* Drive access signal is from Serial ATA controller. The primary drive (usually the drive C) cannot be removed from the system.

(1) Serial ATA hot swap feature works only with controllers basing on Silicon Image chip set from our inhouse testing. Other controllers that are not Silicon Image based may not support hot swap. You may consider adding one of the Addonics Serial ATA host controllers to your systems to ensure the hot swap capability. New controllers from Intel and other suppliers may finally correct the problem. Please verify with your controller manufacturer if you need to have hot swap feature in your application. Hot swap featurs is supported in Windows 2000 and XP only. On other OS, drive can be removed without crashing system. But replacing with a different drive can result in crashing the OS.

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DoTheDEW335Commented:
Ops hit enter on accident. According to your MB it doesn't say anything about having the Silicon Image chipset , which is what Addonics states will definatly work and "Other controllers that are not Silicon Image based may not support hot swap" So if you try it with another controller and it doesn't work or it messed up your hardware I'm sure they will go back and say that they only recommend Silicon Image chipsets. Your best bet is to get one of their controllers that they recommend using.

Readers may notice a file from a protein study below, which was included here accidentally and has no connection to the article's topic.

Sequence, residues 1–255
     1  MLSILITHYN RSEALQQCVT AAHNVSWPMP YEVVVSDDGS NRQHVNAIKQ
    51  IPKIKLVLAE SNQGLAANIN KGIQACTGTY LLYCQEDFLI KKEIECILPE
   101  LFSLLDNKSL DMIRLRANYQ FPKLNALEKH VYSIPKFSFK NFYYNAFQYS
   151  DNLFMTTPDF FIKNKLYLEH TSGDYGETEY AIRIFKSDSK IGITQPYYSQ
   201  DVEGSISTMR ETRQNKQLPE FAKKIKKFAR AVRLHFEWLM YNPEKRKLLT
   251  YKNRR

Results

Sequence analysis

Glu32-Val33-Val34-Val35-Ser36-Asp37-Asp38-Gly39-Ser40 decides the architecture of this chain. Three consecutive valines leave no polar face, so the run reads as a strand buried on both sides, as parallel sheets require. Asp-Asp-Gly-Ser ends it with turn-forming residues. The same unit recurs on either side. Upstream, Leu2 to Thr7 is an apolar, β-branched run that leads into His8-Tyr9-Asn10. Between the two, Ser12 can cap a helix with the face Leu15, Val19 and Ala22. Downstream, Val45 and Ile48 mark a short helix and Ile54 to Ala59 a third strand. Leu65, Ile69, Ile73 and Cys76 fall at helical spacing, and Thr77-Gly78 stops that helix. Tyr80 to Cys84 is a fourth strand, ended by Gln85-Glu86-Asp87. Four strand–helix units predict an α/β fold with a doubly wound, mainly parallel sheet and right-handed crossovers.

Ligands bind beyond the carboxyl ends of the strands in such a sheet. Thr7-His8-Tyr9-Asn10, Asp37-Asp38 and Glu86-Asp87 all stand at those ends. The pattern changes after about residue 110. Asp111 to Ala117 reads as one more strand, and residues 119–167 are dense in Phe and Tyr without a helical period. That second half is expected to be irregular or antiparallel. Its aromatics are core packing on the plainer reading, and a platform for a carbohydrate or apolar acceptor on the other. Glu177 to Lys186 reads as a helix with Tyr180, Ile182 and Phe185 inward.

http://www.addonics.com/interface_solutions/sata.asp#controller

This way you know u definatly have what will work and you can take out any drive (Except the one that has your Bootable OS) out while your system is powered on (Hot-Swapping)

If I lost you anywhere let me know i'll go back and try to explain it better..

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impact-dentalAuthor Commented:
I understand that Addonics recommends a Silicon Image controller...what I'm asking now is whether I actually need any controller at all or not, or whether I can hot swap using my current components.  Because Addonics does mention the fact that an Intel controller may work, and the Intel processor specs I have do mention the fact that it supports hot-swapability.